Katja Brueckner, PhD

Department of Cell & Tissue Biology
+1 415 476-9013
Research Description: 

Katja Brueckner received her PhD. in biology and cell signalling from the European Molecular Biology Laboratory (EMBL) and the University of Heidelberg, Germany. She performed her postdoctoral studies at the EMBL and Harvard Medical School. Katja was a Howard Hughes Medical Institute Associate, long-term post-doctoral fellow of the European Molecular Biology Organization (EMBO) and Human Frontier Science Program (HFSP), and Special Fellow of the Leukemia & Lymphoma Society (LLS). For her post-doctoral studies, the LLS awarded Katja with the Brian P. ODell Memorial Research Award. Since joining the faculty of UCSF in late 2006, Katja has received a Hellman Family Scholar Award, an American Cancer Society Research Scholar Award, an American Heart Association career development award, and she is funded by research grants from the National Science Foundation and the National Institutes of Health.

The Brückner lab addresses fundamental questions in development, homeostasis, and malignant disease, studying paradigms in the invertebrate genetic model organism Drosophila melanogaster. Current research focuses on cell signaling, the role of the microenvironment, hematopoiesis, innate immunity, epithelial-mesenchymal transition, and organ development.

(1) Regulation of hematopoiesis by sensory neurons and their environmental inputs
One of the outstanding questions in animal development, tissue homeostasis and malignant disease is how extrinsic sensory stimuli regulate biological systems through stem cell niches and tissue microenvironments. We address this question using a simple model of hematopoietic sites (hematopoietic pockets) in the Drosophila larva (Makhijani et al. Development 2011; Makhijani et al. Fly 2012; Gold and Brückner, Seminars in Immunology 2015; Makhijani et al. Nature Communications 2017). In this system, blood cells (hemocytes) rely on sensory neuron microenvironments for their localization and trophic survival (Makhijani et al. Development 2011), and hemocyte proliferation is promoted by Activin-b produced by active sensory neurons (Makhijani et al. Nature Communications 2017). Current research focuses on mechanisms of blood cell transdifferentiation, dissecting the role of specific sensory neurons and their environmental activation in this process (Corcoran et al. bioRxiv 2020). We further examine the contribution of other neuron-produced factors on blood cell development and pathologies.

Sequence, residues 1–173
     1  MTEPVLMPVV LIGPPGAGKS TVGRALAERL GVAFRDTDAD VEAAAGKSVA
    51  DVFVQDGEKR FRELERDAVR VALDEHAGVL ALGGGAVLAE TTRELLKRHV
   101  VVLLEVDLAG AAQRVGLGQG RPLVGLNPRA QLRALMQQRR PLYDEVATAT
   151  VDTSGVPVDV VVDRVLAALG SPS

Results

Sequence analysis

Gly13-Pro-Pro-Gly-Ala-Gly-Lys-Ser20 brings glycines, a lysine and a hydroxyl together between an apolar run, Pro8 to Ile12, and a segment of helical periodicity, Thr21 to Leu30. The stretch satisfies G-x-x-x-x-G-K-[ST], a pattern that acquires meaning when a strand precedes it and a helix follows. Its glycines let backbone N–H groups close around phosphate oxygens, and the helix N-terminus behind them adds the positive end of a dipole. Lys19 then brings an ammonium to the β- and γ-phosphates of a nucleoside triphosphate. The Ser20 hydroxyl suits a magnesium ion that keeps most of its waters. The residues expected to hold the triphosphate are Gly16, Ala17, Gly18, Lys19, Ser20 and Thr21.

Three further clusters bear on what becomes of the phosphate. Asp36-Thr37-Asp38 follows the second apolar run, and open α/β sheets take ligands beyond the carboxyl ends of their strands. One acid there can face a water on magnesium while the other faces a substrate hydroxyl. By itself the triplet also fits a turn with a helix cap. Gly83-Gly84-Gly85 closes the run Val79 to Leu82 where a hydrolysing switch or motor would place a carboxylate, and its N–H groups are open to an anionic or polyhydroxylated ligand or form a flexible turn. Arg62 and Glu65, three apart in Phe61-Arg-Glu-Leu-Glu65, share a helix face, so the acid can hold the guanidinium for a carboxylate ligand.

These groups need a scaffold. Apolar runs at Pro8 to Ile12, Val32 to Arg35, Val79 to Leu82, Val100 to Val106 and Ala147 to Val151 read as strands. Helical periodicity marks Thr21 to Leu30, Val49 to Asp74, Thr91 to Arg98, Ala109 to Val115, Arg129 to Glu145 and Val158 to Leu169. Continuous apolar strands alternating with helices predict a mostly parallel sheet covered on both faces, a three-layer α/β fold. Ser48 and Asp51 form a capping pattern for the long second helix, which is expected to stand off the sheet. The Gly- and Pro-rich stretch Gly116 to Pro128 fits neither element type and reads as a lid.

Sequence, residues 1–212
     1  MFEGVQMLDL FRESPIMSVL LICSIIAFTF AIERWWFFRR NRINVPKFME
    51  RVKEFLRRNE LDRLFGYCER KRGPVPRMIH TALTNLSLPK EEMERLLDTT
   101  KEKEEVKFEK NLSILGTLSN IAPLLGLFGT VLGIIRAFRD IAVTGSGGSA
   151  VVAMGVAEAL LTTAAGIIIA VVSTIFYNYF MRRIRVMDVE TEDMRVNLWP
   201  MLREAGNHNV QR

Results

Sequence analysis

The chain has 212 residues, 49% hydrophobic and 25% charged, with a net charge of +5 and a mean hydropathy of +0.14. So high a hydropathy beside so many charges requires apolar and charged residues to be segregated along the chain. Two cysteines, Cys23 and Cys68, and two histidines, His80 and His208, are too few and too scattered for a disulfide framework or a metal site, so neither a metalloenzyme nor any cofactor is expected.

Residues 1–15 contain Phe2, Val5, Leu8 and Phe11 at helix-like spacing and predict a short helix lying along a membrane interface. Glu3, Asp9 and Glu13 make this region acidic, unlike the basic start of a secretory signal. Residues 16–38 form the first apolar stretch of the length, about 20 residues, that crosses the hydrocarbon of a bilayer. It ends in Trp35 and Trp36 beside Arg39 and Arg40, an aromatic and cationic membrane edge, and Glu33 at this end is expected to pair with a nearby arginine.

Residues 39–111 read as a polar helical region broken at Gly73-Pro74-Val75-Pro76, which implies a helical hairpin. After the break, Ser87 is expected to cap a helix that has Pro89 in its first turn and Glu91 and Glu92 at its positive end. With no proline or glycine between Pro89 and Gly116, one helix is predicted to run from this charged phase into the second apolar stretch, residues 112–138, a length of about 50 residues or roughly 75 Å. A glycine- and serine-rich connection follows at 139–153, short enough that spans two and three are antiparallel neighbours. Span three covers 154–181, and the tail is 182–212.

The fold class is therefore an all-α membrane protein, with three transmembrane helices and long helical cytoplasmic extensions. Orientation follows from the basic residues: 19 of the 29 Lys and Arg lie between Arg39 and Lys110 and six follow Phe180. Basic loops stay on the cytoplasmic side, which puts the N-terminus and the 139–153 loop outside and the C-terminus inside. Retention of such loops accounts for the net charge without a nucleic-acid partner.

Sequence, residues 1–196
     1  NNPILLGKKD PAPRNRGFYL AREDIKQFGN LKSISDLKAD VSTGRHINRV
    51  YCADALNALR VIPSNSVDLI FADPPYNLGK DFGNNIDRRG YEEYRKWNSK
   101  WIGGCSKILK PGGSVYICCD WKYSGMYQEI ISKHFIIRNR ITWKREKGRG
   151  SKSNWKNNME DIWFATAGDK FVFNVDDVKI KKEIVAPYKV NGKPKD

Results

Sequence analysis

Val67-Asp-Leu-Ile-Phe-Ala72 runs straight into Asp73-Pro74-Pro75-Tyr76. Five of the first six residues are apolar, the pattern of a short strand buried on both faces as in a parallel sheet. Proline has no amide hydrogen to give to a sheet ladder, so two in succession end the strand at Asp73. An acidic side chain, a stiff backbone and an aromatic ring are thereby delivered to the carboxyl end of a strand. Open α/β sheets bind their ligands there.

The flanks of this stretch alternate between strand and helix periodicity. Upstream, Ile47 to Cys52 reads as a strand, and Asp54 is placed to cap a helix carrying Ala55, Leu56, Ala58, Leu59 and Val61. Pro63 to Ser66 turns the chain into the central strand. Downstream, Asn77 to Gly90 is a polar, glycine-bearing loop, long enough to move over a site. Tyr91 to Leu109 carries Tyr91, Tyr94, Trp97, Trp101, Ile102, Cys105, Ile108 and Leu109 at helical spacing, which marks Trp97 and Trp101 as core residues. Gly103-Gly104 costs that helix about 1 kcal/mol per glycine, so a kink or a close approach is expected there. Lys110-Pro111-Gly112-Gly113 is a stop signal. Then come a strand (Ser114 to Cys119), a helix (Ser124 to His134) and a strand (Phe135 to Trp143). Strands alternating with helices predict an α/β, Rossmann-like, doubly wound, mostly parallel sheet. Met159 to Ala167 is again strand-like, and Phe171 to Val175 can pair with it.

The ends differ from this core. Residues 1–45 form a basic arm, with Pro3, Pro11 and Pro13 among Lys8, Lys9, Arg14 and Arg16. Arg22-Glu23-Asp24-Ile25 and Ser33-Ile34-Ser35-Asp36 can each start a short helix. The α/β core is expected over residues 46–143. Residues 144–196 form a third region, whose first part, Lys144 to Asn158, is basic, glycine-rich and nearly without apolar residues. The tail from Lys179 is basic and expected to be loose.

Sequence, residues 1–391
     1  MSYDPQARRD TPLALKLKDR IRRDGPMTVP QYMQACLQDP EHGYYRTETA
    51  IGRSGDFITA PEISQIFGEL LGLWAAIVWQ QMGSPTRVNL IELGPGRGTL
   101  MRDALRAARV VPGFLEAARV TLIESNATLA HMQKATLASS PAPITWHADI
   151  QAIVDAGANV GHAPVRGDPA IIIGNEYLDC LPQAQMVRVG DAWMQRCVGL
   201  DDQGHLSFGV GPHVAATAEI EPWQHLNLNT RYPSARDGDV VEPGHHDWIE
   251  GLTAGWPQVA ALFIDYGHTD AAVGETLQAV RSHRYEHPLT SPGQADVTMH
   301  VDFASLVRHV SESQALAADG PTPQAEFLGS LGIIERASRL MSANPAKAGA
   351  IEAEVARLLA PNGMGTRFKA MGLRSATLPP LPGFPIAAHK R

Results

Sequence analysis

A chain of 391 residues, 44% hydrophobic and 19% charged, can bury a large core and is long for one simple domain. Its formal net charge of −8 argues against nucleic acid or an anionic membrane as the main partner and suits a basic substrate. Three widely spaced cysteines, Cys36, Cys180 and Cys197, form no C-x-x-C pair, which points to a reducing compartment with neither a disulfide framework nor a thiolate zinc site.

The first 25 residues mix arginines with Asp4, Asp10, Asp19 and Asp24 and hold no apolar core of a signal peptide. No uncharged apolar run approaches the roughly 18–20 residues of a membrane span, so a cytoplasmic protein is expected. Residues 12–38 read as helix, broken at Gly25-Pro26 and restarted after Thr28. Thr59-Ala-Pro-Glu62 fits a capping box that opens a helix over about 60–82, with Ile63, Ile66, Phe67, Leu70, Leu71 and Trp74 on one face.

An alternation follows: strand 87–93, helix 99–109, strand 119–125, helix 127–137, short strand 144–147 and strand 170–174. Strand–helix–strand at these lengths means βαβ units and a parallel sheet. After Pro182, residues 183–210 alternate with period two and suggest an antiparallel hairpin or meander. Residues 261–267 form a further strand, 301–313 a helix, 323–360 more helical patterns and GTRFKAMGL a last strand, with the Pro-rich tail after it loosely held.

(2) Multi-tissue signaling relays in innate immunity
Innate immunity relies on humoral responses (e.g. expression of antimicrobial peptides (AMPs)) to protect the organism from infection and other pathological conditions. While core signaling pathways of the NFkB family and Jak/Stat signaling are well established in this context, it is far less understood how multiple organs and tissues communicate with each other to elicit powerful local humoral immune responses. We study this question of inter-organ/-tissue communication in immunity using a simple Drosophila model. In adult Drosophila, the biggest reservoir of hemocytes surrounds the extensive respiratory epithelia (tracheal air sacs) of the thorax and head (Sanchez Bosch et al. Dev Cell 2019). The principal role of the adult blood cell system is to relay the trigger of bacterial infection to a humoral immune response in the respiratory epithelia and fat body (Sanchez Bosch et al. Dev Cell 2019). We dissect mechanisms of this relay including the coordination of multiple signaling pathways and signaling in multiple tissues.

(3) Signaling mechanisms of epithelial-mesenchymal transition
Epithelial-mesenchymal transition (EMT) is a transdifferentiation process of epithelial cells undergoing shape- and migratory changes. A poorly understood group of EMT inducers are Bone Morphogenetic Proteins (BMPs), secreted ligands of the TGF-β family. BMP-induced EMT drives organ development and tumor metastasis, e.g. in pancreatic cancer. However, the cell biological effects and cooperating signaling pathways of BMP-induced EMT are still under scrutiny. We investigate this question using a dual Drosophila model consisting of complementary cell-based and in vivo systems. Through RNAi screening, RNAseq and ChIPseq analyses in this cell-based model, we identified new signaling mediators and pathways that cooperate with BMP signaling to induce EMT; findings are confirmed by Drosophila genetics in vivo.

Primary Thematic Area: 
Developmental & Stem Cell Biology
Secondary Thematic Area: 
Cancer Biology & Cell Signaling
Research Summary: 
Hematopoiesis and cell signaling



Adult Drosophila Lack Hematopoiesis but Rely on a Blood Cell Reservoir at the Respiratory Epithelia to Relay Infection Signals to Surrounding Tissues.

Developmental cell

Sanchez Bosch P, Makhijani K, Herboso L, Gold KS, Baginsky R, Woodcock KJ, Alexander B, Kukar K, Corcoran S, Jacobs T, Ouyang D, Wong C, Ramond EJV, Rhiner C, Moreno E, Lemaitre B, Geissmann F, Brückner K

Regulation of Drosophila hematopoietic sites by Activin-ß from active sensory neurons.

Nature communications

Makhijani K, Alexander B, Rao D, Petraki S, Herboso L, Kukar K, Batool I, Wachner S, Gold KS, Wong C, O'Connor MB, Brückner K

Extracellular Reactive Oxygen Species Drive Apoptosis-Induced Proliferation via Drosophila Macrophages.

Current biology : CB

Fogarty CE, Diwanji N, Lindblad JL, Tare M, Amcheslavsky A, Makhijani K, Brückner K, Fan Y, Bergmann A

A systems-level interrogation identifies regulators of Drosophila blood cell number and survival.

PLoS genetics

Sopko R, Lin YB, Makhijani K, Alexander B, Perrimon N, Brückner K